For me, first car was my parents’ car, a 1958 Hilman Lynx. This thing was a squat, 35-horsepower English import the size of a VW bug, except square. It had the aerodynamics of a grocery store. Four months after I slid behind the wheel, roaring down Mt. Helix, I ran that bastard child off the road and rode it to its grave: totaled.
Question: What do you do when you wreck your parents’ car?
Answer: You ask for another one.
It is an indelible occasion, hacking out your parents’ driveway for the first time, realizing the moment is yours and you can go any damn place you like. First car is the end of direct supervision, the first saddle-up onto life’s increasingly bucking horse. More than sex, more than a job, more than college, our first car is the preeminent ticket to the big show, to life as an adult.
Bob Dale, Channel 7/39 weatherman
“I was bom in 1925. It was very difficult to own a car when I was a teenager because nobody had any money. I didn’t get my first car until after WWII. One of my favorite cars was a 1940 Ford because that was the first time that Ford put a gearshift on the steering wheel. The ’40 Ford had hydraulic brakes for the first time, and it was a real pretty little car. I was able to buy one in 1947.I paid a thousand dollars for it because they were so hard to get. That was big money then, I hope to tell you it was.
“I was in Cleveland, Ohio, when I bought it. I was working in television at that time. We went on the air December of ’47. I bought the car from the sales manager who worked in this brand-new thing called television. I thought he was an honorable man, and I want to tell you I’ve never trusted a television salesperson since.
“He had driven it all the way through the war and hadn't taken care of it, but it was my dream car, although everything in the world went wrong with it. I really got took on that car, wound up burning 60-weight tractor oil in it.
“When I first got it, I tried to get it into a shop, because to me, a shiny car is the only thing that’s important. I couldn't afford to take it to a shop so I fixed it up, patched the rust holes. I was so proud of it, put a radio in, I even painted it myself.
“They sold big round tins of paint in those days that you put on with a powder puff. So I wiped the car down with this paint, and from a distance it looked pretty good. Then I repaired the lights because I’d be driving down a two-lane road to my hometown in Canton, Ohio, and all the lights would go out. And then I found a little spot where the paint bubbled and I poked my finger in it and my finger went through the whole damn fender. So I learned how to patch metal. I had to, I didn’t have any money. I was tending bar and working in television on weekends. It took me until April of '48 to go full-time in television.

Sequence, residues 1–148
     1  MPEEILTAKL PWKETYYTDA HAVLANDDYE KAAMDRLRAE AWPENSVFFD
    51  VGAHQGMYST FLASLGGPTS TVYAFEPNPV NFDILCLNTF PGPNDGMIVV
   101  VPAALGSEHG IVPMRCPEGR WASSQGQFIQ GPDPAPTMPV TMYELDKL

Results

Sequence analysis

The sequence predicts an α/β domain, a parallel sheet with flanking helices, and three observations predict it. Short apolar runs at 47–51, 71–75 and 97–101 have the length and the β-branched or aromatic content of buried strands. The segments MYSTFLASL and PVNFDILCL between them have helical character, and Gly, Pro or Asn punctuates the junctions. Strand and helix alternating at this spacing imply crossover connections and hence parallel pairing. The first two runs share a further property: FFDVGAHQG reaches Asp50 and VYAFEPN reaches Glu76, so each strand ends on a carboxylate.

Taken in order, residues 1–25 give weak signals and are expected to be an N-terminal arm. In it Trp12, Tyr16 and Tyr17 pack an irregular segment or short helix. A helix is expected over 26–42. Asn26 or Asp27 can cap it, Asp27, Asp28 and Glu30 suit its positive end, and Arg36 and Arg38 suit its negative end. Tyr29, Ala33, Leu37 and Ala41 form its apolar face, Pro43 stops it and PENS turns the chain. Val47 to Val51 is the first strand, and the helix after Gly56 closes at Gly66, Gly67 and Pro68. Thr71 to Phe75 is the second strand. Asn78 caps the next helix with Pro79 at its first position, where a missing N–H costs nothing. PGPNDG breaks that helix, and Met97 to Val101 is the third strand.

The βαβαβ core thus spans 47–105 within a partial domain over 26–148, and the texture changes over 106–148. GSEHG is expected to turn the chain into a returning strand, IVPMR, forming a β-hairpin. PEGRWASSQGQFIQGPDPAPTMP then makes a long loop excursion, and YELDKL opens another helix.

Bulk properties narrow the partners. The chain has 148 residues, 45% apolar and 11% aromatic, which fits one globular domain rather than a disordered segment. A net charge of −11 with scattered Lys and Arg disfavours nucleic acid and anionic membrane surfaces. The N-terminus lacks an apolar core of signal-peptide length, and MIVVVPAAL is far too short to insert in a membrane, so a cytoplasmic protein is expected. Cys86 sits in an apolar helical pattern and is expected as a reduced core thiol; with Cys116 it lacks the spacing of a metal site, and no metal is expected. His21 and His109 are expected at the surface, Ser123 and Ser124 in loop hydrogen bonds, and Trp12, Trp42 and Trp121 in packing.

“The car was a mess: the wheels were loose, the front end was shot, all the bushings were gone. I didn't know anything about mechanics, I just had to keep saving my money and gluing that Ford back together. I kept it until early 1950. By that time they made me television spokesman for DeSoto-Plymouth cars in northeast Ohio. I started advertising their cars.
“I had my Ford pretty well fixed up except for using a lot of oil. The advertisers insisted that I buy a new Plymouth car. I said, ’I can’t afford it,’ so they said, ’Well, we’ll charge you $350.’ So I said, ‘Okay, I can do that.’
“I don’t want to say what I did with the Ford; I’ll tell you, but you’ll think I’m a terrible person. I had it all fixed up. I had a radio put in it and I went to sell it, but my mother objected. See, when I was in the service I sent money to my mother. She’d saved everything I sent her, she never used it. She was taking in washing, cooking in a restaurant, and never used the money I sent. So I borrowed it back from her when I bought the Ford.
“Now, when I got ready to sell the car, my kid brother — who is nine years younger than I am — was looking for a car. My mom felt bad because she helped me buy that car, and she knew I’d got this Ford pretty well fixed up, so she bought it back from me. And I took the money. For years I tried to give her the money back, she’d always say, ‘BOB-BEEE. ’
“My younger brother just wore the crap out of that thing. I went back down to Canton one night, and I saw him driving around shifting gears without using the clutch. It broke my heart. He just wore it into the ground. Nothing left but hot, quivering metal.
“I have so many beautiful memories of that car. I was so proud of it, the first car I ever owned. It was probably a piece of junk, but I thought it was so peppy, it started right away. I saw one a couple of years ago, and it is not a sleek, racy-looking car. It was tall, antiquated, had tiny windows. I was horrified when I saw it. I said to myself, ‘It couldn’t have changed that much.’ At the same moment I happened to look up in the rearview mirror and saw my own face, and I thought, 'Well, yeah, I guess you can change that much.’ "
Patrick Madrid, La Mesa
“I’m vice president of Catholic Answers. We’re a lay Catholic organization with a staff of 13 full-time people. We conduct seminars, publish our monthly magazine on apologetic issues. Apologetics is the reasoned defense of the faith. I’m 33 years old, married, have seven kids.